The Virtual Star Party had its beginnings in January 2012 with an idea of Fraser Cain to hook up a telescope into a hangout. After a second test hangout the Virtual Star Party was born and became a regular feature, which depending on the weather and the participants, is taking place nearly every week now. Invited are not only astronomers from the USA, but often from the whole world, who are streaming their telescopes directly into the hangout and provide fascinating images of the moon, the planets and even of galaxies, nebulas and other objects – mixed with extensive comments and a lively and often funny conversation. This is not only interesting for amateur astronomers, but for everybody who is interested in astronomy. Because of the time difference it is not easy to watch these hangouts live from Europe, unless you stay up very late or get up very early – but the recordings of the hangouts are of course available in the Youtube channel of Universe Today and in the Virtual Star Party Archive of CosmoQuest.
» Where: +Virtual Star Party, +Universe Today, CosmoQuest Hangouts
» When: Sunday/Monday, depending on the seasons, in winter 03:00 CET / 02:00 UTC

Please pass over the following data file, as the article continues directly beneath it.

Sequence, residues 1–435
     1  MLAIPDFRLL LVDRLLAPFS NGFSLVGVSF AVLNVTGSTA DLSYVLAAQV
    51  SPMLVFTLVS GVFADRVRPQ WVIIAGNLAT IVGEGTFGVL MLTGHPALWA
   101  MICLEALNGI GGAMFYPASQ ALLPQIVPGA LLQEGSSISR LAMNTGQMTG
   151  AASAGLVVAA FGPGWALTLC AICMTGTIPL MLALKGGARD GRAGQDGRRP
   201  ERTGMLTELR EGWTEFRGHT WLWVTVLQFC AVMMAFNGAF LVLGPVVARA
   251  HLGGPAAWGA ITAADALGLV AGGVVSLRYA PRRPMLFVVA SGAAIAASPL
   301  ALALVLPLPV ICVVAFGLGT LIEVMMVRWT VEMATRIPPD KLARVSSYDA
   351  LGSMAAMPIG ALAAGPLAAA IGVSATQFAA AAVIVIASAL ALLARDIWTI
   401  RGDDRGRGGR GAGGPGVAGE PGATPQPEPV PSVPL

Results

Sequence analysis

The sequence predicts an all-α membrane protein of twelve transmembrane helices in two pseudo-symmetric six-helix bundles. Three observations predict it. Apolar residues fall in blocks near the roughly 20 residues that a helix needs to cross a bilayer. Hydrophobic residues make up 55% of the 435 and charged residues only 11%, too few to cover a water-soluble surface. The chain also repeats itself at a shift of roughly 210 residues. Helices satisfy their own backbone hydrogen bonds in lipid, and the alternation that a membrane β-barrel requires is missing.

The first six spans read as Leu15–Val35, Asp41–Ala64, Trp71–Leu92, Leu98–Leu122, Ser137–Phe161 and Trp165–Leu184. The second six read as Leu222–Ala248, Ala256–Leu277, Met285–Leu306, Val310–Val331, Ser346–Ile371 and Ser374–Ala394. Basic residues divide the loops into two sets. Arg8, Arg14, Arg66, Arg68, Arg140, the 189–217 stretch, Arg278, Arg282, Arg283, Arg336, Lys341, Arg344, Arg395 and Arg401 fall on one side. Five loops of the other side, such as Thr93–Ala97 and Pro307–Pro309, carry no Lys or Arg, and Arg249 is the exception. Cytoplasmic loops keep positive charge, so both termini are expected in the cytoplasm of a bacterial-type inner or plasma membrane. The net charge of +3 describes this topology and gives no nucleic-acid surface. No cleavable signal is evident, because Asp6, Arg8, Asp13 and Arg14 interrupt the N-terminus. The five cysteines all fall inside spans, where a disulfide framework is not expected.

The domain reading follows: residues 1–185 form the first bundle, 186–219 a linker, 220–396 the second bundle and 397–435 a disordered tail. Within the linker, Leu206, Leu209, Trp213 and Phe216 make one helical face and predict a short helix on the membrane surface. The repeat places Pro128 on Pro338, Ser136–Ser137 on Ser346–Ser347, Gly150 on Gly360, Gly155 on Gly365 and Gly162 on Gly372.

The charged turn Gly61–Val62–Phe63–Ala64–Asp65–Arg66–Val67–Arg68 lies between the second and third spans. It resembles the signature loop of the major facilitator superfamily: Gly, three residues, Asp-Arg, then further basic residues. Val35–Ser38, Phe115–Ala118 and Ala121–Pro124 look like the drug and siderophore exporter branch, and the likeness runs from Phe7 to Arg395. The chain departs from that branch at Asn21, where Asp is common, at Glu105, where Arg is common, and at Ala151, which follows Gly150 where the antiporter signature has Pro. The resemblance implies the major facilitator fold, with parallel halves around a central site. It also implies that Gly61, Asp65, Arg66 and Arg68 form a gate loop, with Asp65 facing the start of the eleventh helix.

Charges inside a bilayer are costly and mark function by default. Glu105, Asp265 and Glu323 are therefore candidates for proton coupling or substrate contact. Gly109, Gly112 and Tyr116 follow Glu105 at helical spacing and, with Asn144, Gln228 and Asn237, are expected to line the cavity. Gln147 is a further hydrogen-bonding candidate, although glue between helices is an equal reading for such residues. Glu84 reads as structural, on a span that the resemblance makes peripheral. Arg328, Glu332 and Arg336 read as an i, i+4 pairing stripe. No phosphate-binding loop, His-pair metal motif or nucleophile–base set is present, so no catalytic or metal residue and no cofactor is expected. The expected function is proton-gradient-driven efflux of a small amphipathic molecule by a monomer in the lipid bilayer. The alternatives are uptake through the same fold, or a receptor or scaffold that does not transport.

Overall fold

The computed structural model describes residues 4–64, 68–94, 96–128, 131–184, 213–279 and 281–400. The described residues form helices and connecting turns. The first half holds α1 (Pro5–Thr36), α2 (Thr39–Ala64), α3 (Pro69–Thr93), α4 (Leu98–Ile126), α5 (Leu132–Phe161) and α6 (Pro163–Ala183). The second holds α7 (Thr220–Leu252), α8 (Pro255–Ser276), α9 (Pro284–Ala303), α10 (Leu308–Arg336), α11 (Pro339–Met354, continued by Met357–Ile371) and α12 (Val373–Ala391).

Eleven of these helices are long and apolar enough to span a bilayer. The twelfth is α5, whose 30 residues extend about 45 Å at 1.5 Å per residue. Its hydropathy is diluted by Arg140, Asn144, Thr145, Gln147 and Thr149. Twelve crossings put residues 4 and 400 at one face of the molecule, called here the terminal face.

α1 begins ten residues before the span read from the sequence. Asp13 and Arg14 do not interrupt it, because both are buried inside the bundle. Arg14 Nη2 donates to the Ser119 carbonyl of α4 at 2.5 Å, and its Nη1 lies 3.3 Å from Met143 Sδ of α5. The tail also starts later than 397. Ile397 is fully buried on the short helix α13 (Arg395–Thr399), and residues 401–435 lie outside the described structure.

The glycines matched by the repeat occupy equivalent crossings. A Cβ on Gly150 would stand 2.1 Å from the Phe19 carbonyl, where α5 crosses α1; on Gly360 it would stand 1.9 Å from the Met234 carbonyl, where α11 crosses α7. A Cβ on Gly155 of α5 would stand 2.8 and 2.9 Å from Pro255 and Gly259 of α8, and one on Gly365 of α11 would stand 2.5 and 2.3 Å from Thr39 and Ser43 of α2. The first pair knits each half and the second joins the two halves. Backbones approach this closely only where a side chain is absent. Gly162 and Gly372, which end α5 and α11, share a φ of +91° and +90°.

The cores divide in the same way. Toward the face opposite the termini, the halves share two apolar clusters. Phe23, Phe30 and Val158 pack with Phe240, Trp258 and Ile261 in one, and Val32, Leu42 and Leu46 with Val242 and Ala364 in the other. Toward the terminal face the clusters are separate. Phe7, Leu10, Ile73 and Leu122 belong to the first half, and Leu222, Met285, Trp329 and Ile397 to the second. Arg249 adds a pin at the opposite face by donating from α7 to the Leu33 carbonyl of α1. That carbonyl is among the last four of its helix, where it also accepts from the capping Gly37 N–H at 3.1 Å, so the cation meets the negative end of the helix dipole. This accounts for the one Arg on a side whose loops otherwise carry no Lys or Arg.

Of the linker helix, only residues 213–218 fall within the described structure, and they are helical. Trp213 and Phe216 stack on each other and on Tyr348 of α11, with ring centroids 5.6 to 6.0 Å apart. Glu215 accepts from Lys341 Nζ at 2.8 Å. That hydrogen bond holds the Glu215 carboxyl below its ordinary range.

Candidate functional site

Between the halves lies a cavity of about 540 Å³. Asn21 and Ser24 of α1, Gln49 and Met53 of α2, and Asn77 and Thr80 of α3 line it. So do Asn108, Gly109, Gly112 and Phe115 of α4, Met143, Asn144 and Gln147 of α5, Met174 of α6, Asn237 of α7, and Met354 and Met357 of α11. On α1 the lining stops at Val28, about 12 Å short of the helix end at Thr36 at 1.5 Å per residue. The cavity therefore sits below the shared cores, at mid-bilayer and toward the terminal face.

The Weekly Space Hangout by CosmoQuest and Universe Today is a discussion by space, astronomy and science journalists who report about the current news in their fields. The hangouts are mostly being hosted by Frasier Cain and/or Pamela Gay, regular guests are the contributors of Universe Today and also Emily Lakdawalla of the Planetary Society, Phil Plait of Bad Astronomy and many others. The hangouts are archived in the Youtube channel of Universe Today and in the Weekly Space Hangout Archive of CosmoQuest. The hangout had been on hold during summer 2012 because of time constraints, but is back on track since the end of January 2013.
» Where: +CosmoQuest, +Universe Today, CosmoQuest Hangouts
» When: Fridays at 19:00 CET / 17:00 UTC